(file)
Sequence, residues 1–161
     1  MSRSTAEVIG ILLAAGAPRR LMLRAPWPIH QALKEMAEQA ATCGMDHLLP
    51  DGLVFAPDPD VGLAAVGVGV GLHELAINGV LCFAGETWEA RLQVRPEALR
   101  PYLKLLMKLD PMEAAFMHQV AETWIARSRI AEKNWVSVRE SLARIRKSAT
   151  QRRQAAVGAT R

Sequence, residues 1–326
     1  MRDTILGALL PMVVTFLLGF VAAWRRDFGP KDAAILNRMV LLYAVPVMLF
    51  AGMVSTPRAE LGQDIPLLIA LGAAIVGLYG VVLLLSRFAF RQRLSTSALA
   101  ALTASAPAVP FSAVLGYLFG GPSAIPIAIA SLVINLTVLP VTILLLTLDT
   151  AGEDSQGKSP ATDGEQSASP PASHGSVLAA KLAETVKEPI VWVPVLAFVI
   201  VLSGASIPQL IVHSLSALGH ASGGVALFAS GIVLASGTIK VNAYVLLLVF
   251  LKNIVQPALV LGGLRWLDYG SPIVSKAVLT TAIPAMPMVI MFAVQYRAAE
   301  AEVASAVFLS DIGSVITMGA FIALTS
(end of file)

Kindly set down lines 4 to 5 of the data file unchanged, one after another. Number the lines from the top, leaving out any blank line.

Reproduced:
   101  PYLKLLMKLD PMEAAFMHQV AETWIARSRI AEKNWVSVRE SLARIRKSAT
   151  QRRQAAVGAT R